What is more unjust than taxing someone, who already paid taxes his entire life, again when he dies?
Who do you work for?
I don’t mean your employer. I’m not talking about the name of your boss or the CEO of your company. When you go to work, for whom are you earning money?
If you’re an unmarried college student like me, approximately 100% of the money I’ve earned, after taxes, through employment has gone to thwart the seemingly perdurable increase of tuition costs, and maybe a ticket to a baseball game or two.
If you’re a newlywed, you might be working to pay off a new mortgage, or a new car, or maybe even preparing to weather the costs of university education for your own children.
And if you’re retired, you might be thinking of the money you’ve earned, and you might have thought about whom you want to leave it to. If you have children, chances are you’re planning on leaving a substantial portion to them.
But the existence of an estate tax means it’s not always that simple.
If you’re a citizen of the United States, when you die, you’re allowed to give a certain amount of money to a friend or family member without it being taxed. In fact, this amount is generally somewhat high. While it does vary from year to year, in the past few years you’ve been allowed to give up to around $5,000,000 of estate value without that being taxed. The estate tax would be applied only to the excess value. Naturally, then, the estate tax only actually affects the wealthiest Americans. The vast majority citizens will never face it.
Many proponents of the estate tax use this fact as part of their arguments to promote it. And such an argument may seem tempting. After all, chances are, unless you’re quite wealthy, you won’t have to pay it.
But let’s revisit my original question:
Who do you work for?
Do you work for your family? If you do, when you die, do you plan to leave some, if not all, of your life’s work to them? Even if you don’t, don’t you think you ought to be able to?
And if you ought to be able to, why should someone else not be able to?
Think about that for a second. Just because someone is wealthy, does that mean they should forfeit something afforded to all other Americans? Ironically, the argument used by many in favor of the estate tax is that the very notion that its burden will be placed on the wealthiest among us signals its fairness.
Am I the only one hesitant to find providing a certain set of privileges to some people and revoking those privileges for others, who have committed no crime, is unfair?
Certain politicians have championed the estate tax, and the 2016 Democratic nominee for President went so far as to propose hiking the highest rate north of 60%. I believe such politicians have a misguided view of the concept of fairness.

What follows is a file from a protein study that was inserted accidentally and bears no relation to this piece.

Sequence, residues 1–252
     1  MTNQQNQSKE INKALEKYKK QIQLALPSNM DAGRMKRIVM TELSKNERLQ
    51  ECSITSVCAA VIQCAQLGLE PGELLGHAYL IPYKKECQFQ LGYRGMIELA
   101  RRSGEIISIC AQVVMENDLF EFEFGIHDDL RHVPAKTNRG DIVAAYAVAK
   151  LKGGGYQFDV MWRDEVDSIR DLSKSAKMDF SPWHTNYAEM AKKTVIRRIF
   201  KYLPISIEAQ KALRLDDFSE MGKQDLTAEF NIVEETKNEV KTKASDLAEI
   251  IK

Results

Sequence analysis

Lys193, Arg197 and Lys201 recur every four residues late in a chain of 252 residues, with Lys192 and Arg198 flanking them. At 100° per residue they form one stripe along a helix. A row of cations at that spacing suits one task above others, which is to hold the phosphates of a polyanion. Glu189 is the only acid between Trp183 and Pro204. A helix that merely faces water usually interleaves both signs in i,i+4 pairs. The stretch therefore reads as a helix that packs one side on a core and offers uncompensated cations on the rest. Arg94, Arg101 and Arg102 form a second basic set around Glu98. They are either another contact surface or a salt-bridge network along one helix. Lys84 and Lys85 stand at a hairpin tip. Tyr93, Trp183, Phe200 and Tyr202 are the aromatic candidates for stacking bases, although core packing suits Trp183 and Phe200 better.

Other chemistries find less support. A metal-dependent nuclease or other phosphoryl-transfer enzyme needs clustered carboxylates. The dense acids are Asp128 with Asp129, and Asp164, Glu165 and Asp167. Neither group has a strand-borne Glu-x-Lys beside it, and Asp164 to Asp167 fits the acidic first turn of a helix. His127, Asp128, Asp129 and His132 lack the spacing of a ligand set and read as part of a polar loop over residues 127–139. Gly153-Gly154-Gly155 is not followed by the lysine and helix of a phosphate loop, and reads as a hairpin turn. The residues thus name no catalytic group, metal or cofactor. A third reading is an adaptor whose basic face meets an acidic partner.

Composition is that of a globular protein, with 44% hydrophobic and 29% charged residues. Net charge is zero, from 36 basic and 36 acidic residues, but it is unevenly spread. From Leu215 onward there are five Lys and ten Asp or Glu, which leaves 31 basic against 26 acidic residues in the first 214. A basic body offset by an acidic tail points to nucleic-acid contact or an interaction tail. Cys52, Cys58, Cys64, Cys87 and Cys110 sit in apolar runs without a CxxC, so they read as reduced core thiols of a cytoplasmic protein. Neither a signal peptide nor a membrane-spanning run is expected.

At a fundamental level, I believe it is wrong to punish someone for being successful. Why does someone being rich dictate that they shouldn’t be able to share their wealth with their families like everyone else?
The very concept of an estate tax existing only for the wealthy seems to be predicated on the principle that simply being wealthy means you carry an obligation to society that doesn’t exist for other citizens. Many people believe this to be the case, but once again I find such a notion to not only be unfair, but to be based in a worrying misunderstanding of a capitalist system.
“Capitalism is forced altruism. I starve unless I provide something to you that you find useful.” Those who are wealthy could not have become wealthy had they not provided services that at least some people found valuable.
This concept that being wealthy increases your obligation to society seems to imply that capitalism is somehow exploitative. It seemingly perpetuates the troublesome idea that those who create the most wealth for society don’t really deserve what they’ve earned, a notion perhaps spurred forth by our current President claiming that many who succeed “didn’t make that.”
But you did “make that” because capitalism isn’t exploitation.
Capitalism really is the most selfless economic system in the history of the world. Ben Shapiro put it nicely: “Capitalism is forced altruism. I starve unless I provide something to you that you find useful.” Those who are wealthy could not have become wealthy had they not provided services that at least some people found valuable. Their extensive wealth is evidence of their extensive contribution to society.
With this all in mind, I find the existence of the estate tax to be troublesome on principle. The eagerness of the Democratic nominee for President of the United States to perpetuate and actually widen this iniquity should trouble all of us who cherish the capitalist system and recognize that fairness means applying rules equally to all citizens, and not punishing the innocent.
Hunter Michielson is an undergraduate studying philosophy and German at Duke University.